Gerhard Richter in 2009. Credit:Staatliche Kunstsammlung Dresden (Dresden State Art)
Richter has framed it as a breach of trust. Despite their agreement to keep the painter's name out of it, he claimed, Donnersmarck had "in reality … done everything to link my name to his movie". What's more, "he managed to abuse and grossly distort my biography! I don't want to say more about this".
Donnersmarck readily admits he has freewheeled around the facts of Richter's life in creating his portrait of the artist Kurt Barnert (Tom Schilling). But distortion is not a charge he takes lightly.
"Look, it's a tricky genre, but it's one I'm very attracted to – talking a lot of reality and then changing it with complete freedom until I feel it reflects truth better than the facts reflect the truth," he says. "People get really offended: either you're doing complete fiction or you're doing complete fact. In a way, doing historical fiction, which is what I'm attracted to, always gets you into trouble."
Certainly, the overlaps between Richter and Barnert are many. Both are boys when the Nazis come to power. Both have a favourite aunt who suffers mental illness and is euthanised by the regime because of it. Both marry a woman whose father was a senior official at the institution where the aunt was killed (the doctor is played in the film by Sebastian Koch, so appealing as a persecuted writer in The Lives of Others, so chilling here as an ideological chameleon who flourishes equally under Nazism and Socialism). Both escape from East Germany after forging a career as a painter of murals honouring the workers and find fame and fortune after years of struggle in the West.
Saskia Rosendahl plays Elisabeth May, the aunt put to death by the Nazis for her mental illness.
And to a degree, Donnersmarck understands Richter's discomfort.
"If I imagine someone making a movie about my early life and not making it as a strict biopic, but taking all the liberties that a fiction writer takes, either it would be unpleasant to watch because it is so close to my life that I don't want to relive my trauma, or it would be so far from it that I would say, 'Hey, that's not my life'. So in a way I think the film is for everyone but him, and I understand why he didn't want to see it."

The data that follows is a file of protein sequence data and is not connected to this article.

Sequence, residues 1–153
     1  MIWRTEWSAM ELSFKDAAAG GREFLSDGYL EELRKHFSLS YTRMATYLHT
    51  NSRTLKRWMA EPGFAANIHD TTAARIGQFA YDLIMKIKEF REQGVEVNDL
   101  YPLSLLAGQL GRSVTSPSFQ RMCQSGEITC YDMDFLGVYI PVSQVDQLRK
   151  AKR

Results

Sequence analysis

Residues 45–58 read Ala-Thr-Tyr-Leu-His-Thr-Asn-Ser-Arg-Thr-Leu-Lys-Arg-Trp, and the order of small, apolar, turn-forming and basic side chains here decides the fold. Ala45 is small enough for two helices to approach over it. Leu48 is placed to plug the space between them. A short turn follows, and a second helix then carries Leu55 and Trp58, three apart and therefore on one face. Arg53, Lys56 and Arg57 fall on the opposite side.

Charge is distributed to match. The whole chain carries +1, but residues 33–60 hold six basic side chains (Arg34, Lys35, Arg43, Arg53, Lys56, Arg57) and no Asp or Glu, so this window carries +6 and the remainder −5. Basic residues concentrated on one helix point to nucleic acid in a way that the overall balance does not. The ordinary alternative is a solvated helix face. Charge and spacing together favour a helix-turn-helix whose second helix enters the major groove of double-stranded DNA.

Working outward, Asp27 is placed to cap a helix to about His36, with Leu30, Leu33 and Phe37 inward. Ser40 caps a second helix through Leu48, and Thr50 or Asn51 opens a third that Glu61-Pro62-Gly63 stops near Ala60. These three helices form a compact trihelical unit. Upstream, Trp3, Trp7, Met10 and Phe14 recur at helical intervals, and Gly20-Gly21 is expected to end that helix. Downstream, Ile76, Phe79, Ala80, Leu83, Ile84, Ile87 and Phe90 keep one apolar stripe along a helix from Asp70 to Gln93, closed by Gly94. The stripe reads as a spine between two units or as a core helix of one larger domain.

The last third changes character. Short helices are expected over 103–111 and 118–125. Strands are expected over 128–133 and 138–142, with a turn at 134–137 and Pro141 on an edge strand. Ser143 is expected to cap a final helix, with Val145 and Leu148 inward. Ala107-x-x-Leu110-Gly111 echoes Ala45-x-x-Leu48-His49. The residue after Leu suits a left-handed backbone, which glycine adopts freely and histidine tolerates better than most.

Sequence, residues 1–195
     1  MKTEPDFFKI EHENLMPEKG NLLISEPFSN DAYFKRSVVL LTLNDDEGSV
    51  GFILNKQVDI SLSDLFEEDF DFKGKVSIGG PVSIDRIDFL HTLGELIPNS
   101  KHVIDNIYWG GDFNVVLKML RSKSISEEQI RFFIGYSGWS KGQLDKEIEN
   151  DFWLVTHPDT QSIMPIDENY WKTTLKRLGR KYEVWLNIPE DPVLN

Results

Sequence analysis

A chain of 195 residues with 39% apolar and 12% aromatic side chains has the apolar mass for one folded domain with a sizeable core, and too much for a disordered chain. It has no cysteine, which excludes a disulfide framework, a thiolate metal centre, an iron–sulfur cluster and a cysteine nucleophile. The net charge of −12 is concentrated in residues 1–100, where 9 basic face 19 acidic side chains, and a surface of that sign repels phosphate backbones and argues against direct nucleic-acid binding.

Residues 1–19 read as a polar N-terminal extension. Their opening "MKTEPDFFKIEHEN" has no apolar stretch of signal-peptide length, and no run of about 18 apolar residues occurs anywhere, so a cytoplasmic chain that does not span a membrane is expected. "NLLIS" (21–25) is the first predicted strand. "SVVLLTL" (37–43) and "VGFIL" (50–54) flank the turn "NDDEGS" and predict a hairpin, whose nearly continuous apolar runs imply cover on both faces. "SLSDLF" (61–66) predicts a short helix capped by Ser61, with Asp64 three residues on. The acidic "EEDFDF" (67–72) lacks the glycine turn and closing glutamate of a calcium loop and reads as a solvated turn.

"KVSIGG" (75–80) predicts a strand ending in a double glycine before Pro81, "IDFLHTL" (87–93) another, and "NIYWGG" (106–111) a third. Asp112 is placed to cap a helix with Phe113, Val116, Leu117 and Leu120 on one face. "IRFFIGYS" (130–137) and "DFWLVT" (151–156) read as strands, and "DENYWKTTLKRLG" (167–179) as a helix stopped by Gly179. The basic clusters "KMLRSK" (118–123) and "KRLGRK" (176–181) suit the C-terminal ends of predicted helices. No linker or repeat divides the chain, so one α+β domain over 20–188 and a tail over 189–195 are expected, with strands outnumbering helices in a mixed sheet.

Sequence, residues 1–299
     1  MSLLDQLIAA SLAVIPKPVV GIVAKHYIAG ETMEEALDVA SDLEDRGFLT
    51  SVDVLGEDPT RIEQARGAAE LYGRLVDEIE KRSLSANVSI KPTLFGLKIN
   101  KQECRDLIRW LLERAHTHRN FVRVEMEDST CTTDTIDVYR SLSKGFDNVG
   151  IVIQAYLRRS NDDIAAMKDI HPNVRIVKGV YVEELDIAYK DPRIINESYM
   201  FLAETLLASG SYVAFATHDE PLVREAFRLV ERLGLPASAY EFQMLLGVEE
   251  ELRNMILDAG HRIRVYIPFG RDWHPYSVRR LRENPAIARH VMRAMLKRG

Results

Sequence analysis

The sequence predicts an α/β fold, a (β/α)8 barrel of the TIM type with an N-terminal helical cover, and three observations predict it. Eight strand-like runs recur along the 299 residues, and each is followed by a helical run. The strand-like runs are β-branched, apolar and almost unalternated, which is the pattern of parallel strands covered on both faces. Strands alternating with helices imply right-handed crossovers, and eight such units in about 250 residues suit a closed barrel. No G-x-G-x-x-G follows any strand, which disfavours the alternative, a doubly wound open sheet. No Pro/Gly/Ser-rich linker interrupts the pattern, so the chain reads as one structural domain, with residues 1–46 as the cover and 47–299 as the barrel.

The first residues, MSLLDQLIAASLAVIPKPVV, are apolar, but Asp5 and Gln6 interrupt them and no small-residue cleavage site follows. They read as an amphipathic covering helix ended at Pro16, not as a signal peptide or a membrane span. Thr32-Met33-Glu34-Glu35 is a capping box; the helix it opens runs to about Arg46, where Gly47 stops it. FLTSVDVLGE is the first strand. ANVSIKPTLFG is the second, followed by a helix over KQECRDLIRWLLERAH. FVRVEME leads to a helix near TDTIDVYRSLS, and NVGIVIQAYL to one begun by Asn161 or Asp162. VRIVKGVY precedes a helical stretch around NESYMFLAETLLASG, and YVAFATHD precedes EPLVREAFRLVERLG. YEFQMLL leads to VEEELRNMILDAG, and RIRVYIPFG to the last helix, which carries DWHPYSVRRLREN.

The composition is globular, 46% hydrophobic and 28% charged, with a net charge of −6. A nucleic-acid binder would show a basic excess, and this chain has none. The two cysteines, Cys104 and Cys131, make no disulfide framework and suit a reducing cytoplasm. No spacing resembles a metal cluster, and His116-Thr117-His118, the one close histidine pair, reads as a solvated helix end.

What he doesn't get is why the German media has been so willing to accept Richter's line that the film represents a kind of betrayal and distortion.
"I find it fascinating, the magic tricks that people can get away with," he says. "You work with someone for weeks and weeks and let them record countless hours of conversation and the sole premise of this is that this guy is going to use the information you're giving him for a fictional movie. It’s all on the tape, it's a matter of countless emails and letters back and forth. And then you still manage to spin the PR story somehow that this was done against your will? And the German press will just gobble it up? I'm amazed at the hypnotic power some people wield over others."
Sebastian Koch as Carl Seeband, an ob-gyn whose ideological sympathies shift with the winds.
For Donnersmarck, there's something sinister in all this – and it goes way beyond Richter. It points, he says, to the persistence of "the forces that led to the fact that Germany was the centre of all these catastrophes in the 20th century, namely the forces of group think. He knows how to use those.
I'm amazed at the hypnotic power some people wield over others
"People always think the ideology is the problem," he continues. "But it's not the ideology – it's the susceptibility to ideology.
"The problem is not the specific flavour of the month, it's that there can be something so crazy as a flavour of the month. As long as you try to tell people what to think, it almost doesn't matter what the ideology is, it will be destructive."
Never Look Away is in cinemas now.